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Growing oyster farmers

Published 8:47pm Tuesday, September 18, 2012

About 15 to 20 Suffolk citizens are oyster gardeners, the Nansemond River Preservation Alliance estimates, but a workshop on Saturday aims to boost those ranks.

Cindy Pinell, in charge of the alliance’s citizen growers program, says the workshop will show folks how to build the special floats in which oysters are raised.

The Taylor Float Construction Workshop will be held at the CEH Ruritan Center on Eclipse Drive from 9:30 to 11:30 a.m.; it’s open to both those who want to build a float and general volunteers.

“Anybody can come out and learn how to build a float for themselves,” Pinell said. “If they live on the water, that’s great,” or they may be able to arrange to grow oysters off a friend or family member’s dock.

Pinell grows her oysters off fellow alliance member Karla Smith’s dock. One float, Pinell said, can handle 2,000 to 4,000 oysters when two oyster bags are alternated.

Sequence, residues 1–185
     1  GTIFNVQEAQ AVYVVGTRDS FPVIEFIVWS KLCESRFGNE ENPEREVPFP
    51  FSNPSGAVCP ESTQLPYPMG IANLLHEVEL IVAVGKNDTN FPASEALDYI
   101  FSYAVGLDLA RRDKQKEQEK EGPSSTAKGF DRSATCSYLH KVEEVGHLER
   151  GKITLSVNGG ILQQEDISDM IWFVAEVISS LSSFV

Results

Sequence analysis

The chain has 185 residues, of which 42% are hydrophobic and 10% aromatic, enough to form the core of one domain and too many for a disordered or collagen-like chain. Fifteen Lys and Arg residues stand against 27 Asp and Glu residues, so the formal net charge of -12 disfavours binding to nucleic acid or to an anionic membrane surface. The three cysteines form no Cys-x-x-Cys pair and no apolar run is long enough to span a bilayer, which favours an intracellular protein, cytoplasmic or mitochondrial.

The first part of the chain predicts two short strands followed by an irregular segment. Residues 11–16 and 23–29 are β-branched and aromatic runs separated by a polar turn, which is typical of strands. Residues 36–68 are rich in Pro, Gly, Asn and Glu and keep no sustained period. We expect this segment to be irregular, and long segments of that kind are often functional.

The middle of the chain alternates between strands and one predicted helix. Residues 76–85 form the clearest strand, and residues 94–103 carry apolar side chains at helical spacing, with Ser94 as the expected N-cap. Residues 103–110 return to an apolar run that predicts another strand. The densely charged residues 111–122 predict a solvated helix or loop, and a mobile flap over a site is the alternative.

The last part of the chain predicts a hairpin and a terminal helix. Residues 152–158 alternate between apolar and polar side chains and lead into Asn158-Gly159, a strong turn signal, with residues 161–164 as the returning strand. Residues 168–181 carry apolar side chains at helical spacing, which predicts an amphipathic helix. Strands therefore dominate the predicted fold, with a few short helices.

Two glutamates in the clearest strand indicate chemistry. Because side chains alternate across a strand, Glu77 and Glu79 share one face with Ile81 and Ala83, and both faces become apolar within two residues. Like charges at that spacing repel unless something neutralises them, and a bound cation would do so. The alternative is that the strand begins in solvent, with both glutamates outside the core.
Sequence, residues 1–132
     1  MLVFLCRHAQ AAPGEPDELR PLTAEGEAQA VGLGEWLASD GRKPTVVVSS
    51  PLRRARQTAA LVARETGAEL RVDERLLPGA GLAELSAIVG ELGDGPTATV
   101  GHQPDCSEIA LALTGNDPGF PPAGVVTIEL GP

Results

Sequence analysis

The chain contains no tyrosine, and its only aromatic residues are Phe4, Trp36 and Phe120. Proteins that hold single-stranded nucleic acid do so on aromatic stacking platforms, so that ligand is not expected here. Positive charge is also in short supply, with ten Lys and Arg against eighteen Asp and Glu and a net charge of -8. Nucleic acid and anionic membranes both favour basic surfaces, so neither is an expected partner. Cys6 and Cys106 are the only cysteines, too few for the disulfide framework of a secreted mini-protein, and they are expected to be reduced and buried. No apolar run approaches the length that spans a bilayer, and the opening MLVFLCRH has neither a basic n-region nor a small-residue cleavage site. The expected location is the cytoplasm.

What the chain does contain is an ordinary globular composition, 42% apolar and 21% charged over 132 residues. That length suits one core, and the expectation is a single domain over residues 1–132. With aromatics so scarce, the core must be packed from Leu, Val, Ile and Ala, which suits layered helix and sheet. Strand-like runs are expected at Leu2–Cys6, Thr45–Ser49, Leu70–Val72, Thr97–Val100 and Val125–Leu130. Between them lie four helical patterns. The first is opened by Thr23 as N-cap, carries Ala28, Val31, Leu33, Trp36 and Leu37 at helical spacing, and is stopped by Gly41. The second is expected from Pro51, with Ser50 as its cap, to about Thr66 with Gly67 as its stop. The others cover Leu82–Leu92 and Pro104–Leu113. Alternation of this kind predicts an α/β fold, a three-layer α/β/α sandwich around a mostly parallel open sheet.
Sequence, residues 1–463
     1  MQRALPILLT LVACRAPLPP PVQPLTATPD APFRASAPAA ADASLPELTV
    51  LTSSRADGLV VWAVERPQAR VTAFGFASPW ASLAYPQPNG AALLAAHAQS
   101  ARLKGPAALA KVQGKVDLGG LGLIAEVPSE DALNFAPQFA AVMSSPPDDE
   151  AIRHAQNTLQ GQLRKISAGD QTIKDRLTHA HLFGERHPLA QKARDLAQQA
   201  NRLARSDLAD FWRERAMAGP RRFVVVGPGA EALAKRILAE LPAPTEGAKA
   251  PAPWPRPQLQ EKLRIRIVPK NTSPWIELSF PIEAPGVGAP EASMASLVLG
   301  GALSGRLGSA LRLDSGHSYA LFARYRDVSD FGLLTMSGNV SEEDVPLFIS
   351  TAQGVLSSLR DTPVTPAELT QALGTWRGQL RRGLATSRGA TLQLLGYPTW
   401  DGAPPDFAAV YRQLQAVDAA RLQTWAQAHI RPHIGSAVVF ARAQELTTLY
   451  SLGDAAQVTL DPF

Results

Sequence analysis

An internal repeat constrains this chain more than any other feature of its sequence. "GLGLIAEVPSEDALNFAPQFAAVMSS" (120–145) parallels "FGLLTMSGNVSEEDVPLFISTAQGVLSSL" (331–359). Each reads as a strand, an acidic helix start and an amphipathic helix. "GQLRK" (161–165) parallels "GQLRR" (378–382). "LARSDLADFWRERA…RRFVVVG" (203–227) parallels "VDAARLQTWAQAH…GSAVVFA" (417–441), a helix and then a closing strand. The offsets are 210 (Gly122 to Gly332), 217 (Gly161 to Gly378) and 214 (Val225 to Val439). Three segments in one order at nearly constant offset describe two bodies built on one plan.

Taylor Floats are constructed from PVC pipe, coated wire mesh and zip ties. They come in two sizes.

Pinell said it costs about $150 to construct a two-by-three-foot float. Workshop participants hoping to go home with a float of their own will have to bring the money with them on Saturday.

After the initial outlay, the annual cost to keep a Taylor Float producing is about $40, she said.

Inside the bags, baby oysters grow about an inch per year. If growing the mollusks to eat, one has to wait until they’re at least 3 inches; otherwise the oysters are generally “planted” earlier on reefs in the Nansemond and tributaries.

The alliance plants its oysters in June. This past June, 35,000 of the water-rejuvenating mollusks, many grown by school groups, were planted in the Nansemond and Chuckatuck Creek.

An adult oyster can filter 50 gallons of water a day. Experts say that when John Smith arrived, the oyster population could filter the entire Chesapeake Bay in one week. But 400 years later, it takes an entire year.

An average-size dock can handle six or eight floats, Pinell said, and oyster growing is becoming more popular.

“More people see the floats on their neighbors’ yards and they come and ask what they are doing,” she said. “The word-of-mouth has been spreading, and we’re getting more people involved.”

The water quality of the Nansemond closer to Suffolk is too poor to support oysters, Pinell said, but they can be planted further along the river, and “it’s going to lead up and clean those areas.

Pinell said that Saturday’s event will have enough material for 20 floats. To register, call Elizabeth Taraski at 708-6114 or email etaraski@gmail.com.

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